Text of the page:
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- Creators: Guzzetti, Barbara
- Creators: Krecker, Linda Susan
- Creators: Margolis, Eric
- Member of: Theses and Dissertations
Black Rock City is a temporary city existing for one week in the harsh desert of northern Nevada. It plays host to the Burning Man festival with over 300 large-scale art installations and is considered to be the largest interactive art festival in the world. Besides the main burn, smaller local regional events have developed. These regional events encompass many of the same tenets as Burning Man including the presentation of large-scale art. Burn2 is the regional event held on the virtual world, Second Life. In 2013, both events used the theme of Cargo Cult as a stepping off point for the artists. Through the lens of spectacle, I used art criticism as a way to gain understanding of the artworks.
Art criticism is a means of interpreting and appreciating artwork and is often used in the art classroom. Edmund Feldman's method promotes a deeper understanding of art and consists of four steps: description, formal analysis, interpretation and judgment. Using Feldman's method, I analyzed three artworks from the 2013 Burning Man festival and three works from Burn2. From interviews, photographs, and personal observations I analyzed the artworks. I used external analysis to compare the literature on similar festivals and the artworks with other events held in the real life and virtual world.
I found in both events very similar concepts and themes. Artists had specific subject matter in mind when designing their installations. Artists used the theme as a stepping off point for rationalizing their content. Art made to be displayed at Burning Man was expensive; funding was a concern for all the artists. Burn2 artists were free from funding concerns even though there were expenses to making art in Second Life. Emerging themes were use of building materials and color, use of electronics and computer technology, art installations in festivals, spectacle, collaboration, and interactivity. Further implications included teaching about the engineering of structures, critical thinking about festival themes and the individual art installations, visual culture, and art making with these emerging art forms.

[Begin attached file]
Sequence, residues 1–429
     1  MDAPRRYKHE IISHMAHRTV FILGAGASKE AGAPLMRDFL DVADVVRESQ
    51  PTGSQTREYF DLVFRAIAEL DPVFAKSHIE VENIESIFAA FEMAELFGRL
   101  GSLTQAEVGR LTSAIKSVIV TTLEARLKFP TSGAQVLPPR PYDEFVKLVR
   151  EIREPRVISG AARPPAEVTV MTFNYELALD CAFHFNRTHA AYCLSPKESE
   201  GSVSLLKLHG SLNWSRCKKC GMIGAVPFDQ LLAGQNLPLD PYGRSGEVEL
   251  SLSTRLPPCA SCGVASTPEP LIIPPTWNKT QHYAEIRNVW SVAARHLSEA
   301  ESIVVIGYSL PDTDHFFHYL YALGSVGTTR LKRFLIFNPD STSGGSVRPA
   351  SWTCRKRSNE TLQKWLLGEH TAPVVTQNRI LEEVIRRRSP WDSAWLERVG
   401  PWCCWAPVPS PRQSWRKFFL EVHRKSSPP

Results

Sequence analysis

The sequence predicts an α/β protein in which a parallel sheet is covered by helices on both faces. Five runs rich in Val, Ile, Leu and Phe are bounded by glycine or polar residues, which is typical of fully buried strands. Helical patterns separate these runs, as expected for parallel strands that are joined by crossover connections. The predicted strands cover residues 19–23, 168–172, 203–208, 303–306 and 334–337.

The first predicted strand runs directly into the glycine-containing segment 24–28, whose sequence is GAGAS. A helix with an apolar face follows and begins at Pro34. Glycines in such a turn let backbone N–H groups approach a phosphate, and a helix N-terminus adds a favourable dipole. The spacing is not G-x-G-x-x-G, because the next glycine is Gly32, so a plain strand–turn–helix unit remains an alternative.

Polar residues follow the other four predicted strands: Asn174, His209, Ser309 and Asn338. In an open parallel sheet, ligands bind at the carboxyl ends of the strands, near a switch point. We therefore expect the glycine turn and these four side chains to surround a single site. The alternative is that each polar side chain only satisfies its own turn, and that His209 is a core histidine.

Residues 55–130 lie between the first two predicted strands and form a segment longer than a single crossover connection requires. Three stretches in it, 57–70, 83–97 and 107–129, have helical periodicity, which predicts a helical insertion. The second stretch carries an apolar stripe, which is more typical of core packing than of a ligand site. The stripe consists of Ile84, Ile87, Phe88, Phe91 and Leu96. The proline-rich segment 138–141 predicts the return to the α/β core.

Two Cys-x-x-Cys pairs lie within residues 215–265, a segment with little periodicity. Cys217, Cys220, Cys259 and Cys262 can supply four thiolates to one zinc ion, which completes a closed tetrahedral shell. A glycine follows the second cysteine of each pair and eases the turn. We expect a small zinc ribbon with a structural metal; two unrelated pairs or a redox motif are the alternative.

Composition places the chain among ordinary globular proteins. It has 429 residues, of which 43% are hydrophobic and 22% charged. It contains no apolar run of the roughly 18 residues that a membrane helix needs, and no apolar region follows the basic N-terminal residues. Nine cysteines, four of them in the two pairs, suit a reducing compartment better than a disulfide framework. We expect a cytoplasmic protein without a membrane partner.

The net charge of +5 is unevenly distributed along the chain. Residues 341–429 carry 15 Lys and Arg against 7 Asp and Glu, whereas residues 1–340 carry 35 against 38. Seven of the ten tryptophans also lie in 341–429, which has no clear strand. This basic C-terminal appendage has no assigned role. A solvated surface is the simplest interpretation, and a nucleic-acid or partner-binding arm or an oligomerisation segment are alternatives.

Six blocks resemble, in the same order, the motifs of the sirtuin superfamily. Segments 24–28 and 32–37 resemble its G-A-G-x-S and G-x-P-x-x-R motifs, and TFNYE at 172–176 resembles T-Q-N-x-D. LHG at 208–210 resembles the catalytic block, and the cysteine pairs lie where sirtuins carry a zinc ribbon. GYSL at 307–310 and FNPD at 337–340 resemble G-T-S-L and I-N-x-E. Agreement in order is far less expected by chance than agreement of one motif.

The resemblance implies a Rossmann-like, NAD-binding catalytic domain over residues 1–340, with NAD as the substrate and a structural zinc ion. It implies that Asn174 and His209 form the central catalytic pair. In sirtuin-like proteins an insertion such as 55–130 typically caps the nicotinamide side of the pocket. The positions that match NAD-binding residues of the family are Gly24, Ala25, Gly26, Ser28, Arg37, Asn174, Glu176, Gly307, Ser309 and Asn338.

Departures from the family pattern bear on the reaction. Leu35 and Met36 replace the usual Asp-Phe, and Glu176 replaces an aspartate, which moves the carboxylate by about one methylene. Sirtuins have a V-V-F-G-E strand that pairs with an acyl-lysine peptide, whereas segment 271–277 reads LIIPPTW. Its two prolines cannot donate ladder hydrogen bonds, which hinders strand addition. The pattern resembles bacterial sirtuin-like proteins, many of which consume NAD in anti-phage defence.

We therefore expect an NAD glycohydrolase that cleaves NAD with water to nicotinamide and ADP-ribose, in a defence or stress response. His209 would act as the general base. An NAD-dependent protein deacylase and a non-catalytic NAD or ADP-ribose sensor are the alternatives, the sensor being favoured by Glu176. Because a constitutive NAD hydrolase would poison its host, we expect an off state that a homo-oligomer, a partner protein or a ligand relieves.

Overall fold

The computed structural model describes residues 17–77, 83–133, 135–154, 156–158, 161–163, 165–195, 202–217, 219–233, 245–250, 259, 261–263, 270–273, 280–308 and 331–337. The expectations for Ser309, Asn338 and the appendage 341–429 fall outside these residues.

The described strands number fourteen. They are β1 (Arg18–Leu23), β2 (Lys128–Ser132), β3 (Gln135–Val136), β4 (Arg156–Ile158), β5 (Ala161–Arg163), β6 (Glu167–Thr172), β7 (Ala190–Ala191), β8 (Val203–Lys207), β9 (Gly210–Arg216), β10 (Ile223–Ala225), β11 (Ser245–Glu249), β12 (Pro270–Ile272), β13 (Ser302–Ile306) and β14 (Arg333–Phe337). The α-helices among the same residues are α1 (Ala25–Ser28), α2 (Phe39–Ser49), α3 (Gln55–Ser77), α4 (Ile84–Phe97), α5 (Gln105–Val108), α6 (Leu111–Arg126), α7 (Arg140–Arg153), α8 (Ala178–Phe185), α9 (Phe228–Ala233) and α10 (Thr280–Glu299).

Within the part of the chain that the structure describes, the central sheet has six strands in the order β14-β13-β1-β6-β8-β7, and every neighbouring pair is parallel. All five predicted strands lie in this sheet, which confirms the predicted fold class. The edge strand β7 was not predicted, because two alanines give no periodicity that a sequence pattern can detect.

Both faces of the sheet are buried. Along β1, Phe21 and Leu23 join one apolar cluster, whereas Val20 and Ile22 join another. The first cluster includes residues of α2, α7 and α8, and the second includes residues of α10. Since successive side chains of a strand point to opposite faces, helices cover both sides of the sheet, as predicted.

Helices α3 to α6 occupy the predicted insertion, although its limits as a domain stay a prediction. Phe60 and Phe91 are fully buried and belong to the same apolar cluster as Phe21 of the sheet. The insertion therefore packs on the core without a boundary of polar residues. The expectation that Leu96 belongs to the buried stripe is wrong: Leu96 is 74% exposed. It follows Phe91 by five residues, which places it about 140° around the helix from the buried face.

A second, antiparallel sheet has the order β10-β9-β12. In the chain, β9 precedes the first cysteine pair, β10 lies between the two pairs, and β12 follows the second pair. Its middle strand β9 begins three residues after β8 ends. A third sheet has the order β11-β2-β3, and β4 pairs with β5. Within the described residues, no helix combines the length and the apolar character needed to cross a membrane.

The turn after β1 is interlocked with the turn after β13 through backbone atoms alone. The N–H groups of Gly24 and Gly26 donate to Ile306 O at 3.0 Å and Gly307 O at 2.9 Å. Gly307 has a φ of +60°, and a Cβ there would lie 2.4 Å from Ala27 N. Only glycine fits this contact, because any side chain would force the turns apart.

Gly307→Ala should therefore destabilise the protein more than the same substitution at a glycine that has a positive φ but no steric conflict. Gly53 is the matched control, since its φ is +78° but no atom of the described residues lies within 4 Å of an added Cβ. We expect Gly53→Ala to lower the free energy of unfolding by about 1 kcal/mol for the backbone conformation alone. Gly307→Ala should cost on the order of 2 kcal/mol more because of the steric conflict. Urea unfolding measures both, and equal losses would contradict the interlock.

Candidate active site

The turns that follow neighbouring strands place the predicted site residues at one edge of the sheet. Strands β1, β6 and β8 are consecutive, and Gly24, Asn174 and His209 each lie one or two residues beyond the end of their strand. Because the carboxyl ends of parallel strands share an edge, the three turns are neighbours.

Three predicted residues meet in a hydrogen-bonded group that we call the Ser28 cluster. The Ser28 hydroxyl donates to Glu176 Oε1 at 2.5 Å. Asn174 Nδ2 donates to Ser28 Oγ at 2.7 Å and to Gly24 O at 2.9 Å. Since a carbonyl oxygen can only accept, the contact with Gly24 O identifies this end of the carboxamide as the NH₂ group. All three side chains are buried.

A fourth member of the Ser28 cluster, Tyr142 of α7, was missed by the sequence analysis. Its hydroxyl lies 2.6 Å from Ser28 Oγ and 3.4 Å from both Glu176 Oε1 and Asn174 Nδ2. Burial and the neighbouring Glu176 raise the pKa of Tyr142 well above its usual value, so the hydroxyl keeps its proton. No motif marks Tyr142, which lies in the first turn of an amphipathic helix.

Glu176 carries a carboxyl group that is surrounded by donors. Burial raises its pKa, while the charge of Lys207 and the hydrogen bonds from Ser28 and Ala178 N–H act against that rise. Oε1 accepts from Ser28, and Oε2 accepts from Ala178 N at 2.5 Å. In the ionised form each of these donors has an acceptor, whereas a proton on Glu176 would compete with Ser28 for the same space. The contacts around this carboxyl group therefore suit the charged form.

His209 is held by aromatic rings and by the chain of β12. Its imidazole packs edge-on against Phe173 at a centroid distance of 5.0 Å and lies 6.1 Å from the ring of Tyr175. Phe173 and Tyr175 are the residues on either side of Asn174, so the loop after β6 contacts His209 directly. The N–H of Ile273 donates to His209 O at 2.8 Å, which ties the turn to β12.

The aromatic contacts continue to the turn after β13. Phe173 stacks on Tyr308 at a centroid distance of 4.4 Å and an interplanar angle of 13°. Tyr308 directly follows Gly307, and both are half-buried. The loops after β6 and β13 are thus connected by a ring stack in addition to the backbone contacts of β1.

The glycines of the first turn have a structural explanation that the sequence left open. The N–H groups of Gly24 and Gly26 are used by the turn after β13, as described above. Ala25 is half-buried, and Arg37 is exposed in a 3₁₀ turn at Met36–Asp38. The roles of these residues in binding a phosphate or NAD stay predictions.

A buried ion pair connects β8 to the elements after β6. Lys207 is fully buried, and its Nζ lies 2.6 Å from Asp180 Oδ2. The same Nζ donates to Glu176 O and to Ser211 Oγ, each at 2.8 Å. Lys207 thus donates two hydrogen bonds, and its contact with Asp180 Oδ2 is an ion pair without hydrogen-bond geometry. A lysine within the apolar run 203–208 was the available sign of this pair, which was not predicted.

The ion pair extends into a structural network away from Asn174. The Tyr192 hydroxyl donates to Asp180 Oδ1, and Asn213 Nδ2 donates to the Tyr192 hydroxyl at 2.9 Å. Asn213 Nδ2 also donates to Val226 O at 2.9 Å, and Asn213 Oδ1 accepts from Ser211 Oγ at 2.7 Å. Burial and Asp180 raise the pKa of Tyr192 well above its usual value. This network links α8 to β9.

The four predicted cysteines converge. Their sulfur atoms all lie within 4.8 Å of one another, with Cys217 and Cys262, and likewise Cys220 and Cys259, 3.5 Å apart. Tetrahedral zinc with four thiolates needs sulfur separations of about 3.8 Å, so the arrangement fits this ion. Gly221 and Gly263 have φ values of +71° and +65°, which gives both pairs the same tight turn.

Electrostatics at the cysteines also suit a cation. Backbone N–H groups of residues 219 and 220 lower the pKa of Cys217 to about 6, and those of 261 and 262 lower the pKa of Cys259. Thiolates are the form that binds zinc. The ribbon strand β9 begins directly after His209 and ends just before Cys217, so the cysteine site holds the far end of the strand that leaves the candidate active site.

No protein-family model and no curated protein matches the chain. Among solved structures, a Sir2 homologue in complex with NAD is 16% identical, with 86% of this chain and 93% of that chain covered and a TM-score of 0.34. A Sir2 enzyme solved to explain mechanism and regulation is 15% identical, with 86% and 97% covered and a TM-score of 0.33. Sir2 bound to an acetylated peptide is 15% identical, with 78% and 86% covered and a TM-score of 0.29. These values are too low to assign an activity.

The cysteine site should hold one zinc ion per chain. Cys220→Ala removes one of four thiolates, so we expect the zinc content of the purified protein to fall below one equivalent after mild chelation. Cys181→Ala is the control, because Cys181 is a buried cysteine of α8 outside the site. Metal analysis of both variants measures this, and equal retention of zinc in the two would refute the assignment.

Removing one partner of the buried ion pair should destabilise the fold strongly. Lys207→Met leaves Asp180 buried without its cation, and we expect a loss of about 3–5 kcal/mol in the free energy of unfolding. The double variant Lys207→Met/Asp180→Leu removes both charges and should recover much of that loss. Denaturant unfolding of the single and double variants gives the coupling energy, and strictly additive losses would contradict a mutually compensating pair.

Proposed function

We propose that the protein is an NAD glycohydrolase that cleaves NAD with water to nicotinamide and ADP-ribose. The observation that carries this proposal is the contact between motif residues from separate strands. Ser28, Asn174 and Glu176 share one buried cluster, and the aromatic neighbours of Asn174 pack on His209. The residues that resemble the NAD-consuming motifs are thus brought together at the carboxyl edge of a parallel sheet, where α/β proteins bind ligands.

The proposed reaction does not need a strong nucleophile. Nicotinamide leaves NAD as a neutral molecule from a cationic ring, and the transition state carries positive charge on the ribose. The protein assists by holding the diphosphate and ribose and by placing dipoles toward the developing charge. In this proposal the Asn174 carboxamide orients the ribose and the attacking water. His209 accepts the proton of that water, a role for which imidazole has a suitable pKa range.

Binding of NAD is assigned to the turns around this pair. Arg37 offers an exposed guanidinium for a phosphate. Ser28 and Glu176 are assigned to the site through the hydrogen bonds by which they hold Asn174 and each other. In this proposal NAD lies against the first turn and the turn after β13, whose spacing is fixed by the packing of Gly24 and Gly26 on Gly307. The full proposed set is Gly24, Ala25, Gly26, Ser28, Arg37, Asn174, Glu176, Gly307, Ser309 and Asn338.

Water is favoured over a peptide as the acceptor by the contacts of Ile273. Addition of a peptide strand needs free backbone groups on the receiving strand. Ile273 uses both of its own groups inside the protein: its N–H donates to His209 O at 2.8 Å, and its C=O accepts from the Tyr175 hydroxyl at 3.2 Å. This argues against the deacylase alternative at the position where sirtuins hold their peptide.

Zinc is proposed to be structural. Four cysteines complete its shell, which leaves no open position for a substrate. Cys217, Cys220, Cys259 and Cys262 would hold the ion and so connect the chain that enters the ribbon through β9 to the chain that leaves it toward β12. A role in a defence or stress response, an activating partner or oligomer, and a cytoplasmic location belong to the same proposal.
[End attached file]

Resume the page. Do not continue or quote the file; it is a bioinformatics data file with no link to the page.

This qualitative case study of 12, eighteen to twenty-four-year-olds from seven countries provided insight into the learning practices on an art-centered, social media platform. The study addressed two guiding questions; (a) what art related skills, knowledge, and dispositions do community members acquire using a social media platform? (b), What new literacy practices, e.g., the use of new technologies and an ethos of participation, collective intelligence, collaboration, dispersion of abundant resources, and sharing (Knobel & Lankshear, 2007), do members use in acquiring of art-related skills, concepts, knowledge, and dispositions? Data included interviews, online documents, artwork, screen capture of online content, threaded online discussions, and a questionnaire. Drawing on theory and research from both new literacies and art education, the study identified five practices related to learning in the visual arts: (a) practicing as professional artists; (b) engaging in discovery based search strategies for viewing and collecting member produced content; (c) learning by observational strategies; (d) giving constructive criticism and feedback; (e) making learning resources. The study presents suggestions for teachers interested in empowering instruction with new social media technologies.